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Microvision's Tiny Display Promises Vivid Cell Phone Video Projection

Company anticipates that the new technology will increase consumer demand for mobile data services like mobile TV

Next week at the Consumer Electronics Show in Las Vegas, Microvision, Inc., a digital imaging company based in Redmond, Wash., plans to introduce a tiny color projection display that's small enough to be embedded into portable devices like mobile phones.

The ultra-thin display -- comparable to a thin mint, though less likely to melt in your hand -- is built upon Microvision's Integrated Photonics Module (IPM), which allows images on portable device screens to be projected on nearby surfaces for improved viewing.

Using the IPM to drive a mobile phone projector, images stay in focus at any distance, even on curved surfaces, according to the company.

Alexander Tokman, president and CEO of Microvision, says that cell phone displays typically represent a barrier to growth in the mobile market because they limit the user's viewing experience. He expects that as mobile phone makers adopt his company's technology, mobile network operators will see greater demand for mobile data services, such as mobile TV.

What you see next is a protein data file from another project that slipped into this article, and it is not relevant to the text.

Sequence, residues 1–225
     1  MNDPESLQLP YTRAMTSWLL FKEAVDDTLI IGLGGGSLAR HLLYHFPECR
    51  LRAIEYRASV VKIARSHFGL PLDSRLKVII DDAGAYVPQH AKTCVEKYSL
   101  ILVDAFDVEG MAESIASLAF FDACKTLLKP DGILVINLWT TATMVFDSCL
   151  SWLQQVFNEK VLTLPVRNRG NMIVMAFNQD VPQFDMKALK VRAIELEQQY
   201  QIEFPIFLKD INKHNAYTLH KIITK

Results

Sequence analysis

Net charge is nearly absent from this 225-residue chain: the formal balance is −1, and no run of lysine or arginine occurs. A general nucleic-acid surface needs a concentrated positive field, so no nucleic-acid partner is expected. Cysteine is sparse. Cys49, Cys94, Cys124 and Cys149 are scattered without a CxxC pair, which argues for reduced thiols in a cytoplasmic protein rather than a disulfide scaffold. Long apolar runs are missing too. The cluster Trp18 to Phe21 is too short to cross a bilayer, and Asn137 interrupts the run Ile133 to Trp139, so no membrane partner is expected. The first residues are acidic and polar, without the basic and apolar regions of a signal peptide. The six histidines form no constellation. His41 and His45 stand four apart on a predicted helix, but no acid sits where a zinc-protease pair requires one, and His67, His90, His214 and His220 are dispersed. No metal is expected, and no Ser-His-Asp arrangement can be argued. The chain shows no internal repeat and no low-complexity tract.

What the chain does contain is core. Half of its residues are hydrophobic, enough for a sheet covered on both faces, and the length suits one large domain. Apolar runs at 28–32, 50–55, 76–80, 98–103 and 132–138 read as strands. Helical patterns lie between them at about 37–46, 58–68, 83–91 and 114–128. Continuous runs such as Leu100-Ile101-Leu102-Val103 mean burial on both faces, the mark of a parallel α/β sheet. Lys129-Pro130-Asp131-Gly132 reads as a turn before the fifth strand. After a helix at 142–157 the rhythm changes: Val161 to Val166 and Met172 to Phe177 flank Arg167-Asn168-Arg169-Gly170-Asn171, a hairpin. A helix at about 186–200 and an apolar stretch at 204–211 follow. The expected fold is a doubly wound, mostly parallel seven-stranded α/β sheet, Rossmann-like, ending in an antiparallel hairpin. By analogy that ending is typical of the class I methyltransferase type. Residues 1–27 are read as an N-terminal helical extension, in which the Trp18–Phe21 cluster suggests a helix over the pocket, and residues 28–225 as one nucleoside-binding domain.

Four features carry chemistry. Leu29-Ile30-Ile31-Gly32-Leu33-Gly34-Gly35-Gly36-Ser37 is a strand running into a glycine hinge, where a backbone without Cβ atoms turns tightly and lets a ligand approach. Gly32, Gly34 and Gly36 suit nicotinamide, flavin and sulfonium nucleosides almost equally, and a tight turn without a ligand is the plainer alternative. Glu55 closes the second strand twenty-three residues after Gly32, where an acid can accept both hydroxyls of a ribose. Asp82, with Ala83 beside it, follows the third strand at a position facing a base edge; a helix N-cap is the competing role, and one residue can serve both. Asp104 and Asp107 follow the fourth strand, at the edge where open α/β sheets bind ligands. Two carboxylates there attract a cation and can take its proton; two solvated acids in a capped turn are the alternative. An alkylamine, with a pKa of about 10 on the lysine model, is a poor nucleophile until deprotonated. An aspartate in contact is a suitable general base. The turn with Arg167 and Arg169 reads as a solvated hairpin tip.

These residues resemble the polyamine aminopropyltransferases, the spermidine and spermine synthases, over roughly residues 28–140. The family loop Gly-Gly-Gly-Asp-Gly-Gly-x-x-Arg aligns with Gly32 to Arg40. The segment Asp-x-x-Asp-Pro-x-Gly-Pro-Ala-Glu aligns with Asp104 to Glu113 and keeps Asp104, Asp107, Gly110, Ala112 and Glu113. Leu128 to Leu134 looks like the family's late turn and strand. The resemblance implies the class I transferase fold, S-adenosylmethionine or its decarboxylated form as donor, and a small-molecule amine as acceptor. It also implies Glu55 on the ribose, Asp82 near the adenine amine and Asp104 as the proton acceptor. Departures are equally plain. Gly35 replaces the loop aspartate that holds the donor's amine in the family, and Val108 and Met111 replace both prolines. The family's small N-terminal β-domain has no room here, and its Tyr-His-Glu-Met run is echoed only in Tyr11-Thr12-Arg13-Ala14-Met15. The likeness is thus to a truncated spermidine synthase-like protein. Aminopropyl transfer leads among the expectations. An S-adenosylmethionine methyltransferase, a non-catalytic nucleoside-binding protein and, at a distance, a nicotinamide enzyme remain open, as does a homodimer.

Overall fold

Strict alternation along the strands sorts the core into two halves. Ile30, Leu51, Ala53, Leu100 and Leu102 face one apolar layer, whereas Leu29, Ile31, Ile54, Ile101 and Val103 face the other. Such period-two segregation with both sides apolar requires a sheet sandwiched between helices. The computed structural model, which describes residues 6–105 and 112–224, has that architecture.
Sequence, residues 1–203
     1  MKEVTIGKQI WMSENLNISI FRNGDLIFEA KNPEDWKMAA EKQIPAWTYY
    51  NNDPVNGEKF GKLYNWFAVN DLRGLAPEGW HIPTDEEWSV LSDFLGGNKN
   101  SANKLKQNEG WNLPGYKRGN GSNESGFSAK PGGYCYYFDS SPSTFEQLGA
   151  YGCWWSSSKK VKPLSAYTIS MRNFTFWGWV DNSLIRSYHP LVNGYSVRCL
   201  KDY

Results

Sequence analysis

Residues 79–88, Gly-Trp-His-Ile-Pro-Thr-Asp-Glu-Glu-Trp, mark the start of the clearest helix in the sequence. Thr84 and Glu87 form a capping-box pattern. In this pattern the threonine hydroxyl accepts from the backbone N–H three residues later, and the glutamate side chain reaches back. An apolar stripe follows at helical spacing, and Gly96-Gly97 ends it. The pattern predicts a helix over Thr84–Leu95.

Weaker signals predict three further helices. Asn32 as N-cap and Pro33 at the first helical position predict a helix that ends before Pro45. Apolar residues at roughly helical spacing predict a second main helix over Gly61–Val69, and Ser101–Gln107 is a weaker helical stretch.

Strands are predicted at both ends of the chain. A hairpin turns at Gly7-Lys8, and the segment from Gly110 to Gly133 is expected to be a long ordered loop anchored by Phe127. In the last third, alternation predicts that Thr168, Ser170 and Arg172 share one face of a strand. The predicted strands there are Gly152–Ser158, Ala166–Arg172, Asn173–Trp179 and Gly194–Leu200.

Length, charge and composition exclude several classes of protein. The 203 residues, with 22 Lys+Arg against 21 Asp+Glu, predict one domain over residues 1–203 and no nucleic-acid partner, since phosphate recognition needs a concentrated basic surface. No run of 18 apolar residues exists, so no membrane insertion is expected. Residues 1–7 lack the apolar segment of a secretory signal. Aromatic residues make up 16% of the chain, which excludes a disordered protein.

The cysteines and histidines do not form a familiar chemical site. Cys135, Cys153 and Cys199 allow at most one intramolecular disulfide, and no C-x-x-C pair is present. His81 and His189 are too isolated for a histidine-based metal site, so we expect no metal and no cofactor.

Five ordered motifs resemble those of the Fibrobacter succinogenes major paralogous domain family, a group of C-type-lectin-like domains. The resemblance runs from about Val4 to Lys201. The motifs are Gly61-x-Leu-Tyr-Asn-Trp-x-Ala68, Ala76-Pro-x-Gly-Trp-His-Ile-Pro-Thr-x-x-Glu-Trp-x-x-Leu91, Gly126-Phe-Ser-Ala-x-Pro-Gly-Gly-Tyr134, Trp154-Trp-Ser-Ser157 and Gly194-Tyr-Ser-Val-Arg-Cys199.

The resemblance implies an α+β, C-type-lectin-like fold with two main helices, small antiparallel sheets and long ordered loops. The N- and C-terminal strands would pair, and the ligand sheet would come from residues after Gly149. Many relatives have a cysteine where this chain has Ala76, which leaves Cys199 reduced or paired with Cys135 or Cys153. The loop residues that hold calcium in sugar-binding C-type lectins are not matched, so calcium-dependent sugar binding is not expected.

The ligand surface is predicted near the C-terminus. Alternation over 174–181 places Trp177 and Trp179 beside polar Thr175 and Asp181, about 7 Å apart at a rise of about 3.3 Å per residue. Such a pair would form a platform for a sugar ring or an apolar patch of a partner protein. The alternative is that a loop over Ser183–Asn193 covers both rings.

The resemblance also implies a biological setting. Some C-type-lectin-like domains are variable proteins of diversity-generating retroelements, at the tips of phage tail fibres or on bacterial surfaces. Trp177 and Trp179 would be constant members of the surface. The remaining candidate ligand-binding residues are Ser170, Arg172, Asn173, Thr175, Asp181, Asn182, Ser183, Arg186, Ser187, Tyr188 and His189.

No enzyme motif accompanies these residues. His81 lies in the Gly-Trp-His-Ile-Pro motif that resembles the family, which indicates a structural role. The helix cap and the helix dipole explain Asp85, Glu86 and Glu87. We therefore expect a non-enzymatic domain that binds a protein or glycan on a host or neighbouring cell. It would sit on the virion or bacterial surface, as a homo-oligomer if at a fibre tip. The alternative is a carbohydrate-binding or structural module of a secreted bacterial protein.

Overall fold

While Tokman suggests that consumers will be enthralled with the ability to hold group screenings of mobile phone video content, it's unclear whether film industry groups will be enthusiastic about a technology that allows anyone to set up an ad hoc movie theater. Video and audio content owners have not been shy about pursuing copyright infringement claims for unlicensed public exhibitions of their shows and songs. It seems unlikely that industry groups will experience a sudden change of heart, at least until mobile video becomes a more substantial revenue stream.

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